During the first peak of coronavirus infections, communities across the UK were connecting in creative and innovative ways through mutual aid groups, the now familiar street WhatsApp groups and national volunteering programmes. This period also saw heightened public communication efforts from the government, with daily press conferences that went on to feature members of the public, streamed in to voice their concerns to those making decisions about the government’s response to the public health crisis.

As lockdown measures ease and then tighten it is hard to know when exactly the UK, like many countries around the world, will come through this crisis. Yet a big question remains about what sort of economy and society we want to rebuild together following this crisis. And crucially, what voice will communities have in the decisions about how we rebuild? The coming months are a critical period for national policy making, but they could also be a major opportunity to find solutions that match up to the reality of people’s lives across the UK.

Climate Assembly UK, the UK’s first national citizens' assembly on climate change, which reported its findings last week, has been an exemplar of how citizens from across the country can come together, debate the huge issues facing us and develop well thought out solutions. Meeting over several weekends, including online after the lockdown began, over 100 people were able to discuss, debate and agree a raft of recommendations – over 50 – on how the UK can meet its target of net zero greenhouse gas emissions by 2050.

It is not just the outcomes that we should pay attention to, essential though they are, but also the process of how they were reached. It is a process that deserves to be far more widely used within policy making, which is why it is at the heart of IPPR's Environmental Justice Commission (EJC).

The EJC had always planned to hold a series of citizens’ juries across the country, but in light of this year’s events these processes are going to look considerably different to how we had originally imagined them. Gone are the town halls and chatting over tea breaks, to be replaced instead with Zoom breakout groups and unstable internet connections. This year the French Convention sur le Climat, Scottish Citizens’ Assembly and UK Parliament Climate Assembly have all had to hold their remaining meetings online too.

This month we convened our first of four citizens juries, starting in Tees Valley and County Durham. Since this group of 23 residents have never come together before, we have been working hard to think creatively about what ‘coming together’ means in online spaces and the unexpected opportunities of a virtual process.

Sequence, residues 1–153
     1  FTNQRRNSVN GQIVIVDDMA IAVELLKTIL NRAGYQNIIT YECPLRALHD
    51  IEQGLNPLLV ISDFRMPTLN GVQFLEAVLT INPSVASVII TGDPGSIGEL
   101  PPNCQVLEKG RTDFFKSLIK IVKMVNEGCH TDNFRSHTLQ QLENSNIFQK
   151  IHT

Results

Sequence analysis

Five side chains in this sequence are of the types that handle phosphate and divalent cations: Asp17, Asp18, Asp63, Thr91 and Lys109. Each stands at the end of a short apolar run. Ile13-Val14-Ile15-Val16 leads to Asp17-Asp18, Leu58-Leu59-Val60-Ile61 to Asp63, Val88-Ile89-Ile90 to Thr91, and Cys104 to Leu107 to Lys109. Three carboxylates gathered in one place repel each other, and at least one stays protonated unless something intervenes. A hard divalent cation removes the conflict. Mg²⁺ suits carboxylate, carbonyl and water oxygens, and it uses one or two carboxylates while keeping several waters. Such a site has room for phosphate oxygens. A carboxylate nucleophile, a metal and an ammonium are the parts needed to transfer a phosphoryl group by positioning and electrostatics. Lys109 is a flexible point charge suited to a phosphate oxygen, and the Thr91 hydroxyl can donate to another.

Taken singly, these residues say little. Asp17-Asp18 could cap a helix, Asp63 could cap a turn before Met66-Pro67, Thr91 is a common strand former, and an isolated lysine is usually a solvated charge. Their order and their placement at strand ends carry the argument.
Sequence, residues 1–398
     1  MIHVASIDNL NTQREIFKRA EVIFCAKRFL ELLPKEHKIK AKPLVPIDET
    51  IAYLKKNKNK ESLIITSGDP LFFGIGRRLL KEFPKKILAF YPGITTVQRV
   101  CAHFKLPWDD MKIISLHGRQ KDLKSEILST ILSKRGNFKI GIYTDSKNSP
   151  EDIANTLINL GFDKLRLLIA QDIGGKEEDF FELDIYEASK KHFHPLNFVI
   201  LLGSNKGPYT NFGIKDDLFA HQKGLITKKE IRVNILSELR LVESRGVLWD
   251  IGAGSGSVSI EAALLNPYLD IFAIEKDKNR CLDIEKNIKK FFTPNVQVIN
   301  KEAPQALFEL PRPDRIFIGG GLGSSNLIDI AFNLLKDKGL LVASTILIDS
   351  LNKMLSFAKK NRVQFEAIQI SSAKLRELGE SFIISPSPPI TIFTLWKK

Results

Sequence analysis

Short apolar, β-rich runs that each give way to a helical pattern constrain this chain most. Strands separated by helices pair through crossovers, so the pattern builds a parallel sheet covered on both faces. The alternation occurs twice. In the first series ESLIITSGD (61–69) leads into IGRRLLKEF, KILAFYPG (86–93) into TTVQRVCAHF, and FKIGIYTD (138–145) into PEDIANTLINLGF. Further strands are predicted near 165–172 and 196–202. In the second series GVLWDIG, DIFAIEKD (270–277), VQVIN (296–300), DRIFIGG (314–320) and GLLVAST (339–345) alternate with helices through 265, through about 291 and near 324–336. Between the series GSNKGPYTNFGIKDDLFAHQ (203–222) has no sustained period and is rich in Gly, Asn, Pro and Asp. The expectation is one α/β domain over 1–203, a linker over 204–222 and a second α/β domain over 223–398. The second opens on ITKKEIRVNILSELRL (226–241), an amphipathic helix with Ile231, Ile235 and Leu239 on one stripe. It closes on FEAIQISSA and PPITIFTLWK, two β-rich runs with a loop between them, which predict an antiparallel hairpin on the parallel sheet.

No, there isn’t the same buzz as an in-person meeting, but for many people this allows space to feel more confident about speaking up, without quite as much competition with the loudest of the group. Recruiting for an online jury has also opened the process up to parents with caring responsibilities and people from areas across the region who may not have had the time to travel to multiple meetings.

With the right technology support, convening a jury online could open the conversation about climate policy and fairness to more of those on low incomes, more single parents, ethnic minority communities and gig economy workers, who have all suffered disproportionately during the pandemic.

This disparity is very much a part of the climate and nature emergencies, where the poorest households and ethnic minority communities contribute much less to emissions than their richer, whiter counterparts, yet they are amongst the most vulnerable to the risks of environmental breakdown. The highest income earners in the UK have a carbon footprint that is 42 per cent higher than the lowest earners. Air pollution disproportionately affects schools in deprived areas.

The pandemic and the ensuing economic crisis have exposed existing inequalities that, without action, will remain a deciding factor in how different communities and areas of the UK experience the climate and nature emergencies. Whether in person or online, deliberative democracy can help us address these disparities and develop policy ideas that create opportunities for people across the UK to thrive in healthy, prosperous communities.

Jacana Bresson is events & engagement officer at IPPR